Reproduction Havana 1966 Chessmen.
The House of Staunton has accurately reproduced this legendary chess set from the 1966 Chess Olympiad held in Cuba, the Havana 1966 chessmen. King stands 3-7/8” tall with a 1-3/4” base. This set of chessmen includes an extra pair of Queens to assist during Pawn Promotion, a feature pioneered by Frank Camaratta in 1995. The original chessmen were natural and Black Lacquered Boxwood. The reproduction Havana 1966 Chessmen are available in the same finish as the originals, as well as antiqued and black stained Boxwood as well as the more traditional Boxwood and Ebony. Unlike similarly named sets, this reproduction of the Havana 1966 Chessmen is the only accurate reproductions currently on the market. This reproduction was executed by Frank Camaratta and is part of the Camaratta Signature Series. The 17th Olympiad is now just a memory – but it was one of the finest in the whole series of Chess Olympiads. These Havana 1966 reproduction chessmen are a fitting tribute to that memorable event.
The 17th Chess Olympiad, organized by FIDE and comprising an open team tournament, as well as several other events designed to promote the game of chess, took place between October 23 and November 20, 1966, in Havana, Cuba. The Time control was 40 moves in 2 hours 30 minutes, then 1 hour for each next 16 moves.
The Soviet team with 6 Grandmasters, led by world champion Petrosian, lived up to expectations scored 39-1/2 points and won their eighth consecutive gold medals, with the United States (34-1/2) and Hungary (33-1/2) taking the silver and bronze, respectively. The Unites States team consisted of Robert J. Fischer, Robert Byrne, Pal Benko, Larry Evans, William Addison, and Nicholas Rossolimo.
The chessmen used in that illustrious event were produced by local craftsmen. They were based on the popular 1900 Jaques Marshall design. Chess Sets in custom-made boxes were presented to each of the participants, as well as the team captains, the Arbiter and Chief TD. Shown here is the Freeman set.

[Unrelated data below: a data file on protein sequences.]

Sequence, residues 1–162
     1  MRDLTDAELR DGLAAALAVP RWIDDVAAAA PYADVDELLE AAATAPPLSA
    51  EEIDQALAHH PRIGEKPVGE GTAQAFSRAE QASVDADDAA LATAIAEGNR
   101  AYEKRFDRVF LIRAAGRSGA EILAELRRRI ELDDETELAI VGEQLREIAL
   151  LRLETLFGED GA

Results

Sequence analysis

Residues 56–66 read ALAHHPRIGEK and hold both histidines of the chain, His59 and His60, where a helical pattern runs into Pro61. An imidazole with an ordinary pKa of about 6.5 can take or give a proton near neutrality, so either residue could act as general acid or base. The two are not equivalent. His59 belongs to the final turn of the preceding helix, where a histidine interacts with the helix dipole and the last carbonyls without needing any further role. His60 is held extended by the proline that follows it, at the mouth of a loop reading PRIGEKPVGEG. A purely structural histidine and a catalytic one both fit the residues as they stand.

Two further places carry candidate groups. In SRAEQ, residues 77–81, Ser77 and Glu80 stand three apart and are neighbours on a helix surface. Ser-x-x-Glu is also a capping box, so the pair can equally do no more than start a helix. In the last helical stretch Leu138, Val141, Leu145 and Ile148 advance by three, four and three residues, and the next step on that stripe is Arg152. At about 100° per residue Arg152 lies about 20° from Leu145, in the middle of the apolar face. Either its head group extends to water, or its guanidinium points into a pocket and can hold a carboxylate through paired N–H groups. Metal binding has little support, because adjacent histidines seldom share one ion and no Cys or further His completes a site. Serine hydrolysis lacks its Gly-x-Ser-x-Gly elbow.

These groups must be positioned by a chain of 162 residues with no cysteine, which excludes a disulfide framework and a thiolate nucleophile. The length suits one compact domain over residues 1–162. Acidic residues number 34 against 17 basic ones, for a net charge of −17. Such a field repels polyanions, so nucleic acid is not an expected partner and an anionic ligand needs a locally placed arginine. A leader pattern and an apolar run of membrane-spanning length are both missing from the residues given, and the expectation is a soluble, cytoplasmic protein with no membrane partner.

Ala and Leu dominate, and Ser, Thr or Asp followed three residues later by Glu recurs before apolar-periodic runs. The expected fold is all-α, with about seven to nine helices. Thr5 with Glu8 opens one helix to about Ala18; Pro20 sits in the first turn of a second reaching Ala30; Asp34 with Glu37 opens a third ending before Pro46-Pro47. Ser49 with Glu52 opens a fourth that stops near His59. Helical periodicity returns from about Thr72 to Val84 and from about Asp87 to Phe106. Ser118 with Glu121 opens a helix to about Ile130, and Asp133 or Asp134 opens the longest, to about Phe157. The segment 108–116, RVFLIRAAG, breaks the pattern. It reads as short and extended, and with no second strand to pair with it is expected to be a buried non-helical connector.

The event was held from October 23 through November 20, 1966. The event was held at the Havana Libre Hotel in Havana Cuba. Fidel Castro, an avid chess fan, was the Organizer. Mr. José Luis Barreras was the Tournament Director and Jaroslav Šajtar was the Arbiter. The event drew 52 teams and 299 players, including 38 Grandmasters and 45 International Masters.
A few million dollars was budgeted for the event and more than 1,000 technical staff were at disposal of the players during the Olympiad. West Germany boycotted the Havana Olympiad for political reasons while USA, attended.
USSR left Botvinnik, Smyslov and Keres home, while the USA team was missing Reshevsky. Robert Fischer played first board and was joined by with Robert Byrne, Pal Benko and Larry Evans. Yugoslavia fielded six Grandmasters, while Czechoslovakia and Hungary Fielded four each.
The Soviet team won the Championship for the eighth time. Three of the Soviet players also won Board prizes. The second place achieved by the United States was primarily due to Fischer, who had an incredible tournament, scoring 15-2 with only one loss! Unfortunately, Petrosian scored 11.5-1.5 to out-score Fischer for First Board prize (88.5% vs. 88.2%). For a more detailed report on the 1966 Olympiad held in Havana, Cuba, go to https://www.olimpbase.org/1966/1966in.html